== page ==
Shopping use has been retained on either side of Marlows, the old main street, but the whole has been redeveloped and extended towards the west in a series of courts and small streets. On the east side of Marlows the valley side rises up in a gradient of 1 : 10, and this has be en clever1y utilized to form fir st floor ac cess to the backs of stores, and a natural ramp to drive up into a three tier car park. A fair amount of industry existed in the Bulbourne Valley, between the A41 and the railway, so consequently this area was retained as an industrial area. The site was too constricted for expansion however, so a new industrial area was laid out on the north eastern plateau. The major roads up to this plateau were planned to follow the easy gradients of the tributary dry valleys. Between these valleys, the residential neighbourhoods were laid out, four on the east side of the Gade Valley, and one south of the northern industrial area. Two further residential neighbourhoods were planned for the high ground between the two rivers, and no proposals have so far been made for the third upland area south of the Bulbourne.

 

Stevenage lies thirty miles north of London across the southern end of the broad Hitchin Gap through the Chilterns, on 70 the dip slope of the chalk. A minor part of it is drained by a small stream flowing to the north, but the major part is drained to the south by a tributary of the River Beane which eventually joins the Lea system. Running from north to south through the townsite is the largely dry Fairlands valley which joins the gap stream in the south centre of the site. The townsite thus falls naturally into three upland chalk areas aligned in a north south direction; the western part, rising from the floor of the gap up to 400 ft. on the west margin; the central ridge between the main gap and the dry Fairlands valley; and an eastern ridge.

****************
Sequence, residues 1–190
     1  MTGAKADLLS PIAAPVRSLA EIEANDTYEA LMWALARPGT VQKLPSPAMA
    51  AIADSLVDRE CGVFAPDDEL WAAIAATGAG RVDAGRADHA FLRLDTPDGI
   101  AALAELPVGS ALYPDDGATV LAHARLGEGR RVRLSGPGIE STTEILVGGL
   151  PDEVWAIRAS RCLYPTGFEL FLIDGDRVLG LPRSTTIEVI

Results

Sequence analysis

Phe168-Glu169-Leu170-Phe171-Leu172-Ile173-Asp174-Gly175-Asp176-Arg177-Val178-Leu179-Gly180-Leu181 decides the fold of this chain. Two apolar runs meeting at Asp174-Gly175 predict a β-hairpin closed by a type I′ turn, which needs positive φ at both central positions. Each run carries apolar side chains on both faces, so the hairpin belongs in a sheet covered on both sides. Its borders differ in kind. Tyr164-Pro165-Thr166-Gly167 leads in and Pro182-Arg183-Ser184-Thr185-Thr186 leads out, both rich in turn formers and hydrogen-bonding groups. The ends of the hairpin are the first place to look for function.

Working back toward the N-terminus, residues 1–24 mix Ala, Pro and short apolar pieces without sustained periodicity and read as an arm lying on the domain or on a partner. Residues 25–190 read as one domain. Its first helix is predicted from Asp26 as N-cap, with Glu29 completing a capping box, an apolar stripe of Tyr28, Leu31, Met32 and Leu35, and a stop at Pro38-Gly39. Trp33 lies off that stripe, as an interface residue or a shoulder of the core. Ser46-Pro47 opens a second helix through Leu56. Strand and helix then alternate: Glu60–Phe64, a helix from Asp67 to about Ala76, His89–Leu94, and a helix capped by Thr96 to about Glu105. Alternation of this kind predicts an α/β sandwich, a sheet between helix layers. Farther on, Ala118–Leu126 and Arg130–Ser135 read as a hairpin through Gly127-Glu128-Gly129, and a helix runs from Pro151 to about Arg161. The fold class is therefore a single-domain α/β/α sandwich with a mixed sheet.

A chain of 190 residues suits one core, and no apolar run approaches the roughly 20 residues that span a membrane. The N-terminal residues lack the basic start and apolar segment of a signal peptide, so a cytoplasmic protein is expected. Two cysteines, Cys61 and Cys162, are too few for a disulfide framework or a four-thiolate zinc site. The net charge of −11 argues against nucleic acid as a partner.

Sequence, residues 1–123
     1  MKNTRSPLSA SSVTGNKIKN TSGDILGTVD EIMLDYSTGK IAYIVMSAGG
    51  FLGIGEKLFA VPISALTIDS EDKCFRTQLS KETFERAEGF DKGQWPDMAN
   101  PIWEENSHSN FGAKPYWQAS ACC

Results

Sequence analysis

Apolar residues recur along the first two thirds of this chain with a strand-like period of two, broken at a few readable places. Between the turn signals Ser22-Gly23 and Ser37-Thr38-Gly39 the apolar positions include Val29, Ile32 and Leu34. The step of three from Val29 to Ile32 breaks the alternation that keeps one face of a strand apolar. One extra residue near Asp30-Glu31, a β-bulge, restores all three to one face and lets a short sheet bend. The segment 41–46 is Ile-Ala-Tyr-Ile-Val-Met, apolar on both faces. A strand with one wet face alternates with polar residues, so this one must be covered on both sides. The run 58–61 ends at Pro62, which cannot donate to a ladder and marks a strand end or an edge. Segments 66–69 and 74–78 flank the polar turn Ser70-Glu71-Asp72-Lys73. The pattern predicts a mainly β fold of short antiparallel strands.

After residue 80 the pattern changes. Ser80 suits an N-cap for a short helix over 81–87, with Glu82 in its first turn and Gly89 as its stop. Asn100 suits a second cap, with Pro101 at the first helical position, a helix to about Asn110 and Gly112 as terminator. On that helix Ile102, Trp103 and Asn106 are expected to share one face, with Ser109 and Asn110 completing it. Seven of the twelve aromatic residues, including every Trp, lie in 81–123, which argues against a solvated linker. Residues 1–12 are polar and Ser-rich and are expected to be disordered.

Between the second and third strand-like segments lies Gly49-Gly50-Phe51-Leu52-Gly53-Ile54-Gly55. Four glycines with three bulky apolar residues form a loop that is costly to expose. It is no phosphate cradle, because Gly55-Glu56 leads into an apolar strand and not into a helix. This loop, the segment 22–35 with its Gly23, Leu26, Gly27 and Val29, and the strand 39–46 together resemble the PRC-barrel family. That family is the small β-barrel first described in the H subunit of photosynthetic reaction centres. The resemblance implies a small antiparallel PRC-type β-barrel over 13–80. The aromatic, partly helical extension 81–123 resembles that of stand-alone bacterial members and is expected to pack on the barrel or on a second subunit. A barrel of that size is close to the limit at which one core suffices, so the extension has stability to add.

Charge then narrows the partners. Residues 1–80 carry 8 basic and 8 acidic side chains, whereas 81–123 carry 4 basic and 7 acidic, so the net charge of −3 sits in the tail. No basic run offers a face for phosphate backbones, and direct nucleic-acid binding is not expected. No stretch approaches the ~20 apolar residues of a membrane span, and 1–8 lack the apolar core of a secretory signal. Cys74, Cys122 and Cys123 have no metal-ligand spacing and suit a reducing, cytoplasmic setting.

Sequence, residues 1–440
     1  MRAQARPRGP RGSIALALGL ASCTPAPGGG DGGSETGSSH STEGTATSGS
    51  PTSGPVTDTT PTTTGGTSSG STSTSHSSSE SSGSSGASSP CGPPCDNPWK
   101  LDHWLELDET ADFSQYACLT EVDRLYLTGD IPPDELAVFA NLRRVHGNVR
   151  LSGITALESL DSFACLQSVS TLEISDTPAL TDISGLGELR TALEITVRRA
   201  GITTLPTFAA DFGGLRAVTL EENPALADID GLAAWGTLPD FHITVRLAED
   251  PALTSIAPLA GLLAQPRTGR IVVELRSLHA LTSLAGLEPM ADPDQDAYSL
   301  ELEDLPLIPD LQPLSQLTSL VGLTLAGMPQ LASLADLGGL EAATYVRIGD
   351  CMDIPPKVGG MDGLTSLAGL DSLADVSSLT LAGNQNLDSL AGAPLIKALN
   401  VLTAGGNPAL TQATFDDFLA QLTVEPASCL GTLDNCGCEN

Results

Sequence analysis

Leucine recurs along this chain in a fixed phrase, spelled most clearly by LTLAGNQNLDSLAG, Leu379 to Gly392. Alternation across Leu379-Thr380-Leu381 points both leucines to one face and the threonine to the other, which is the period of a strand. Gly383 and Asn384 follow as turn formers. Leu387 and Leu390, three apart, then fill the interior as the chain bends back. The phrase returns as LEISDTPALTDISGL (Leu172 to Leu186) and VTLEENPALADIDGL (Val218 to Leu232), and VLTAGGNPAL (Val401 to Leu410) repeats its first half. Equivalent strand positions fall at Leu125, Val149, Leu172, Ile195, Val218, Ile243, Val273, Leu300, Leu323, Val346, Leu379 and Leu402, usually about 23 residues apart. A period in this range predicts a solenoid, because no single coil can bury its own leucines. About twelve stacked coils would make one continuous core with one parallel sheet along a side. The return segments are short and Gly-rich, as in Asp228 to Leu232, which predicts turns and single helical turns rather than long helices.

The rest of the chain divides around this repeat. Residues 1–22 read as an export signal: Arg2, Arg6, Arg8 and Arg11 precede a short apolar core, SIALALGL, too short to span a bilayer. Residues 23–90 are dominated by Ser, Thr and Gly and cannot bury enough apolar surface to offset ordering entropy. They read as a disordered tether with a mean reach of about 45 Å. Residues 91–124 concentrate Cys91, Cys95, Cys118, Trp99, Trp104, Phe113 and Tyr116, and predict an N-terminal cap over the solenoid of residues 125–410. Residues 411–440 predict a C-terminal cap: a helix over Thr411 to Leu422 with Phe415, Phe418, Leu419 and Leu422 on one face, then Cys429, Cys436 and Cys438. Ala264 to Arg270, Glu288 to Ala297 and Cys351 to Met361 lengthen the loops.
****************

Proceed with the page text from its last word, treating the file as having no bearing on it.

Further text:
The main gap is floored with glacial sands, gravels, silts and clays giving rise to extremely mixed, and rapidly varying soi! conditions, and on the whole, to second class farm land. The area designated for the new town site was 6, lOO acres, with an existing population of 7, 000 people, living mostly in the old village of Stevenage on the east slope of the gap, which now forms one of the residential neighbourhoods to the north of the new town centre. The Hitchin Gap is another of the historie routeways from London to the north. It carries the Al. road to the north, the A60Z road to Hitchin, and the main railway line from King’ s Cross to the north of England.

 

It was inevitable that the town plan should fall into northsouth strips. The area to the west of the main road and railway was laid out as an industrial estate. East of the main road and parallel to it, and south of the existing village, the completely new town centre was constructed. Around this were grouped six residential neighbourhoods (including the old village), sited on the chalk ridges, preserving the Fairlands Valley as a green belt. Stevenage was the first new town.

 

A draft plan was originally made in 1945 by the Ministry of Town and Country Planning who wished the town to be started quickly, and were invoking powers under the 1932 Planning Act to do so. However, the litigation regarding the acquisition of the site took so long that by the time it was accomplished the 1946 New Towns Act had been passed. A revised plan was made by the Corporation’s 73 staff under the direction of Mr. C. Holiday, and this was eventually adopted. Stevenage is remarkable in that it is the only new town with a completely pedestrian shopping centre.